In terms of raw power, there’s no home automation system that can rival the Homey Pro. Unlike its little brother, the Homey Bridge, there are no monthly fees here. If you have a collection of Zigbee and Z-Wave devices alongside ‘bigger’ manufacturers, this could be for you. However, device support overall isn’t as good as with the main rivals, and Matter support is still in the beta stage.
- Hugely powerful
- No monthly fees
- Zigbee, Z-Wave, Bluetooth, IR and Ethernet support
- Limited hardware support
- Wireless standardsWorks with Zigbee, Z-Wave, Bluetooth, IR and Wi-Fi devices. Full Matter and Thread support are coming soon.
Only months after the launch of the Homey Bridge, the company is back with yet another hub, the Homey Pro, itself an update to an older bridge. A more powerful device with no need for a subscription, Homey Pro is a credible competitor to the big boys of home automation, Amazon, Google, Apple and Samsung.
In its favour, the system is extremely powerful and superbly flexible. However, product support is still a little limited, which may mean it’s not quite right for you.
Design and installation
- Round hub connects via Wi-Fi or Ethernet
- No subscription fee
- Simple to connect
With the Homey Bridge, as soon as you went over the five-device limit, there was a subscription fee. That’s because device control all runs in the cloud; here, the Homey Pro is a far more powerful device, running everything natively, which means no subscription fees.
There’s a far higher price (the Pro costs £399, and the Bridge costs £69), but factor in the monthly fees you have to pay for the Bridge and the Pro is better value in the long run.
Externally, there’s not much between the Bridge and the Pro. Both are circular hubs with multi-colour light rings that run around the base. As cool as this looks, the light ring can be turned off in software, which I did immediately to avoid having a colourful distraction.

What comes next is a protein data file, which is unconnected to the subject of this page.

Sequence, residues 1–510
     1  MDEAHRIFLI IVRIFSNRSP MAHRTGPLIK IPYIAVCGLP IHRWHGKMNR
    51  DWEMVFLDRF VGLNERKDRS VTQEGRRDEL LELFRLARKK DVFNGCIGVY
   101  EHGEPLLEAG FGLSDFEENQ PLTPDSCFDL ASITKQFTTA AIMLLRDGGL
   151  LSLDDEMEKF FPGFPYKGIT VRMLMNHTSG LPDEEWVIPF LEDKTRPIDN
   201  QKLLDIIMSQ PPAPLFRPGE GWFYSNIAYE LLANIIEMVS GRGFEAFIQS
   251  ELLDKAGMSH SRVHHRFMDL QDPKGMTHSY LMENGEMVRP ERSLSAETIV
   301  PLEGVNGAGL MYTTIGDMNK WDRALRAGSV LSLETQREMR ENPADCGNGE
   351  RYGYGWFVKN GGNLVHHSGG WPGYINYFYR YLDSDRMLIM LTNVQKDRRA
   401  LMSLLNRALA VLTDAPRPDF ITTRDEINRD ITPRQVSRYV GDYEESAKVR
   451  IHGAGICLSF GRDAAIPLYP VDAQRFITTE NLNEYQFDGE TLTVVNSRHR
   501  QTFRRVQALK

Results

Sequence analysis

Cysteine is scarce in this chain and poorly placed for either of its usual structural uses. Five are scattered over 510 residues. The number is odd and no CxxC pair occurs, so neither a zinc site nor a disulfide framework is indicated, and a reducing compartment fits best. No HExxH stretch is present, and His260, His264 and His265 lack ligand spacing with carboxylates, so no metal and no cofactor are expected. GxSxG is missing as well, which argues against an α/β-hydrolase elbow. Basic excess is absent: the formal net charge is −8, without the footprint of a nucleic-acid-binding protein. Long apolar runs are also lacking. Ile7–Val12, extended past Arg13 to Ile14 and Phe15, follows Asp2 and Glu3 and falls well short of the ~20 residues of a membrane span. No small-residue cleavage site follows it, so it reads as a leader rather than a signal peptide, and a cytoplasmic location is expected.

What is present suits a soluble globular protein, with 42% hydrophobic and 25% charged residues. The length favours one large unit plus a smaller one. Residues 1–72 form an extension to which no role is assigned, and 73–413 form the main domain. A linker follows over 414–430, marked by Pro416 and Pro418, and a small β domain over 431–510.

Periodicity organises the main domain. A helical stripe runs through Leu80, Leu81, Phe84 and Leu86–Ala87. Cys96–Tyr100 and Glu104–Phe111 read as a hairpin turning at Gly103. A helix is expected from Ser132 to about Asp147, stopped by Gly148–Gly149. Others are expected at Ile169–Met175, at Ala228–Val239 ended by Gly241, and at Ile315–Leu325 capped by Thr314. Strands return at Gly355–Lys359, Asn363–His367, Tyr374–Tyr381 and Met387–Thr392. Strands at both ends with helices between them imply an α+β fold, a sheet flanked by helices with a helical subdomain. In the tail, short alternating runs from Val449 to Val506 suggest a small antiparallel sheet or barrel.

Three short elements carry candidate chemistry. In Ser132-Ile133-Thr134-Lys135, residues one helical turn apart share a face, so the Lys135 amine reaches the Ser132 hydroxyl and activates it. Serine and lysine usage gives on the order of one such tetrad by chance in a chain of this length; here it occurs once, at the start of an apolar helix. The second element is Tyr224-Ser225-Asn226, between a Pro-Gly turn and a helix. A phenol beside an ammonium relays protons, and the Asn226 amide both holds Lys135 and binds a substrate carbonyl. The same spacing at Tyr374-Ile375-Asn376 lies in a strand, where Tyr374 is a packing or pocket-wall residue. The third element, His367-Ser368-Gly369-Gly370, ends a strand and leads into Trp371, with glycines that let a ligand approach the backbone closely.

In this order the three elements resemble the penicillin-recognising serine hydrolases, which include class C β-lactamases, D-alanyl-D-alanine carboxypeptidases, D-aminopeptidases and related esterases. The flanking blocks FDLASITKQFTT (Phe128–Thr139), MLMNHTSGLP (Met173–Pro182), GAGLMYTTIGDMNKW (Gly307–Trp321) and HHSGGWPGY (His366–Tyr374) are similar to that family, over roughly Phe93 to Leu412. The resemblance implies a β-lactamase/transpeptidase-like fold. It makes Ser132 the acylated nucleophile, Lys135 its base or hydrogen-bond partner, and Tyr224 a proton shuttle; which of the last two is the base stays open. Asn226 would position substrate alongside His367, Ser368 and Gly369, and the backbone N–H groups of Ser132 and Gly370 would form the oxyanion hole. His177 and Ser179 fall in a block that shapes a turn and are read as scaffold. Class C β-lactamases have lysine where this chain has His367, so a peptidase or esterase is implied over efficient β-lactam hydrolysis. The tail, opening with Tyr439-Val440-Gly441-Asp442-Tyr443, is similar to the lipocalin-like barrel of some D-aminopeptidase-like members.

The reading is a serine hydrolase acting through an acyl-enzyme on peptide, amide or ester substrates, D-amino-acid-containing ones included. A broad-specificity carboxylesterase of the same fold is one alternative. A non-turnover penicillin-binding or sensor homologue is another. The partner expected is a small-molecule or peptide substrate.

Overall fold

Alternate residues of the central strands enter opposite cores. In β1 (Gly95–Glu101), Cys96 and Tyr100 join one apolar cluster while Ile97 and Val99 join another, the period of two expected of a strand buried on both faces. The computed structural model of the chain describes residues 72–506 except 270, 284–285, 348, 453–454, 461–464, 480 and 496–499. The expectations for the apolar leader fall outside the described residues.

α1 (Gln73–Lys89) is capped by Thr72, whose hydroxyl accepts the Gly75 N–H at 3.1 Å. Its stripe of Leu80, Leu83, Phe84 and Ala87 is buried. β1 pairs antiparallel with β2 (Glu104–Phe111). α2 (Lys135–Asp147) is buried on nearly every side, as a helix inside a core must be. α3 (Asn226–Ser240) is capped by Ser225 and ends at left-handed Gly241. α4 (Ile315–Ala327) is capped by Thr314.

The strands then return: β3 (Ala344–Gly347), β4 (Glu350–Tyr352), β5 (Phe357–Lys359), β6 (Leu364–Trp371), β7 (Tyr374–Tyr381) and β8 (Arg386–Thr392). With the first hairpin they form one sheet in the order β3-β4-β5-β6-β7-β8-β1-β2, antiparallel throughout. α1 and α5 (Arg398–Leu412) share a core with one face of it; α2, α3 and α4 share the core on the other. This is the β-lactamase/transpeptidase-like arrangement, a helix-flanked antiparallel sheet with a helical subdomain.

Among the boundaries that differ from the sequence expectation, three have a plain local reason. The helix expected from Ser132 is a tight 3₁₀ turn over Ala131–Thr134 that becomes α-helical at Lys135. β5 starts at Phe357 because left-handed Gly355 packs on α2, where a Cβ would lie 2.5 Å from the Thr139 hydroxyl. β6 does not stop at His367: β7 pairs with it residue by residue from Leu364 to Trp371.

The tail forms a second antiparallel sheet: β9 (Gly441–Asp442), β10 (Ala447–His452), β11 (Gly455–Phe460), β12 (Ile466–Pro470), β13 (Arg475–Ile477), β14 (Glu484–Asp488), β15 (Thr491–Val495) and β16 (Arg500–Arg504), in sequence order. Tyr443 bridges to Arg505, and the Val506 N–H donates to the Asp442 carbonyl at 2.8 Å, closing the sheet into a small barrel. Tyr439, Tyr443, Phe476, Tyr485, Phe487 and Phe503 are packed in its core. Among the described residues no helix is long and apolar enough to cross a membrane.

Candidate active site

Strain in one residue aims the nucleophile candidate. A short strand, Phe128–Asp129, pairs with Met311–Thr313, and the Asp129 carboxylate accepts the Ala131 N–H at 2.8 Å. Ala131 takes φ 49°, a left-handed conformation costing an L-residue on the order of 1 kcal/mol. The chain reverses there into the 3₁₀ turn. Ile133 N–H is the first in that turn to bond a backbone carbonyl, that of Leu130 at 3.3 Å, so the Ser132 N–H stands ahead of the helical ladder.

Physical hardware support is similar, with the Pro also supporting Z-Wave, Zigbee, Bluetooth and Wi-Fi devices. Matter support is available, but currently, this runs over Ethernet only; an update is coming later in the year to turn on Thread support. This will put the Homey Pro on par with the Samsung SmartThings Hub.
I should also mention that the Homey Bridge can be used as an extender for the Homey Pro, giving wider coverage for smart devices throughout your home.
Installation is quick. First, the Homey app configures your home layout, including creating floors and rooms (known as zones) and hooking up the Pro. Although Wi-Fi is built-in, there’s also an optional Ethernet adaptor that connects to the USB-C power port. Ethernet has its advantages in terms of stability and speed, so could be the better choice for serious smart home users.
- Fairly limited hardware support
- Works with most Z-Wave and Zigbee devices
- Fiddly organisation
Given that the Homey Bridge and Homey Pro have similar internal radios and protocol support, you’re probably wondering where the differences lie. Well, the main difference is that the Pro runs all of its apps locally, rather than in the cloud.
That means that as well as the officially supported apps, there’s also a wide range of third-party Community Apps that expand hardware support. That’s great in theory, but the supported range of devices is rather hit-and-miss, and apps don’t always do what I’d expect.